United Nations System-Wide
  Earthwatch Working Party 5
Geneva, 3-4 May 1999
Agenda Item 9
UNEP/EWWP5/5 of 17 March 1999


The Earthwatch Working Party needs to take into account a number of relevant decisions of other bodies, including the UNEP Governing Council and the Inter-Agency Committee on Sustainable Development.

UNEP Governing Council

Several decisions of the 20th UNEP Governing Council (Nairobi, 1-5 February 1999) are relevant to observing and assessment in general and to the UN system-wide Earthwatch in particular. These are summarized below:

In Decision 20/1, Global Environment Outlook, the Governing Council requests a Global Environment Outlook user profile and qualitative analysis of the actual use of the first and second Global Environment Outlook and the Global Environment Outlook process, together with a proposal for an optimal frequency and production schedule for future Global Environment Outlook and related reports. It also requests a third Global Environment Outlook report in the form of a "30 Years After Stockholm" report, to be published in 2002, following the full participatory Global Environment Outlook approach.

It then urges major actors in data compilation and in global report production, such as FAO, UNSD, the regional commissions, UNDP, the World Bank, and the World Resources Institute, to collaborate in the production and use of a common data and knowledge base, comprising indicators, models, scenarios and expert systems, in order to avoid duplication, save costs and ensure that global reports are mutually supportive. Each agency would thus approach sustainable development from its particular perspective, while taking advantage of the information in the other reports to get a complete picture of sustainable development.

In its Decision 20/4, the Governing Council requests the Executive Director, in consultation with Governments and relevant international organizations, to seek appropriate ways of building capacity in and enhancing access to environmental information, public participation in decision-making and access to justice in environmental matters, and to study, in this regard, various models of national legislation, policies and guidelines.

With respect to the reform of INFOTERRA to ensure better public access to environmental information, Decision 20/5 notes the new role of INFOTERRA as the United Nations Environment Programme's global advocate of the public-right-to-know principle, and the need to secure the participation of a diverse range of stakeholders in a partnership arrangement aimed at providing an integrated environmental information service at the national level, which will also facilitate the flow of information between the organization and its partners. It also requests the Executive Director to consult with Governments on the appropriateness of launching in the year 2000 the revitalized INFOTERRA at a global conference of senior government officials and representatives of relevant organizations expert in the field of environmental information services.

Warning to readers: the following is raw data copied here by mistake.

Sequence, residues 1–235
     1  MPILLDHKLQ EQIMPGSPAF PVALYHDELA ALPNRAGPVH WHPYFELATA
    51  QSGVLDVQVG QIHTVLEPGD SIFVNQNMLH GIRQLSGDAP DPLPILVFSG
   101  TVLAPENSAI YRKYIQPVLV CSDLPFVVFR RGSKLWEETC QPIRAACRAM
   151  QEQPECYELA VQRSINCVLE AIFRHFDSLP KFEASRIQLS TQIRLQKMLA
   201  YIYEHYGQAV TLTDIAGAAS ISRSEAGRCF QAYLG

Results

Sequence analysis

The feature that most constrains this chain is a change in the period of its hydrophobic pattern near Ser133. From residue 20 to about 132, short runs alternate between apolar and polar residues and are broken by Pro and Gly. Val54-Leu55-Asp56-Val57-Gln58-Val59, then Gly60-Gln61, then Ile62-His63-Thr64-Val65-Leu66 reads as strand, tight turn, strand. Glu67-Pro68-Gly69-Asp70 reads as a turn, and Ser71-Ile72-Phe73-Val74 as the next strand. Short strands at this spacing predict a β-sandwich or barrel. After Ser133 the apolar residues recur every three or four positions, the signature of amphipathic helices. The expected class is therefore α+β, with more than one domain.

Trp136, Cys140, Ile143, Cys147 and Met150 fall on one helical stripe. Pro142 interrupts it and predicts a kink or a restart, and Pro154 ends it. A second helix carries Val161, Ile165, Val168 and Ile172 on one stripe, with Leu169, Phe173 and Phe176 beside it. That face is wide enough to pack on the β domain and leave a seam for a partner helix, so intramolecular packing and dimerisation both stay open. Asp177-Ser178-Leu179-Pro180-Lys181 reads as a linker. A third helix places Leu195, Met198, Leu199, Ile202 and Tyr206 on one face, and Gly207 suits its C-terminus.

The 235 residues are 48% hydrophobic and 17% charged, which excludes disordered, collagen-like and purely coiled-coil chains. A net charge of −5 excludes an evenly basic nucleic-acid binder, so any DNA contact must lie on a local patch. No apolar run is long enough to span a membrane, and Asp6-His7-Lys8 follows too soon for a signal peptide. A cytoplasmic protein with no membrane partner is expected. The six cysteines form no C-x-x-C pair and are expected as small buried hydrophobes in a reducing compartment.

As a further improvement of the international response to environmental emergencies, Decision 20/8 requests appropriate linkages between the work of UNEP on environmental emergencies and its overall work on environmental assessment and early warning.

Based on UNEP's experience in developing desertification assessments and databases, the World Atlas of Desertification, and cooperative studies with SCOPE and CGIAR, Decision 20/10 calls for UNEP support to the Conference of Parties of the Convention to Combat Desertification, in particular its Committee on Science and Technology, in the assessment and monitoring of desertification and the enhancement of the scientific and technological knowledge base on land degradation.

With reference to environmental conventions, Decision 20/18 asks UNEP to promote the strengthening of coherent interlinkages among multilateral environmental conventions, and to enhance the linkages among the various scientific and information monitoring processes that underpin the conventions and related international processes in order to provide a bridge between science, information and policy.

Decision 20/19A, Oceans and seas, calls for activities by UNEP, taking into account the ongoing work of other international organizations, to facilitate the assessment of the state of marine and coastal environment, including the trends of changes in this environment and identification of important emerging issues, and to strengthen and expand its research, monitoring, observation and assessment activities, particularly in addressing critical uncertainties related to climate change as it may affect sustainable management of the marine environment. It also encourages the member agencies of the joint Group of Experts on the Scientific Aspects of Marine Environmental Protection (GESAMP) to review their terms of reference, composition and methods of work as a means of enhancing its status as a source of independent scientific advice on coastal and oceans issues, stresses the need for reliable, accessible and relevant monitoring, and welcomes the Global International Waters Assessment which will provide for the assessment of the world's large marine ecosystems.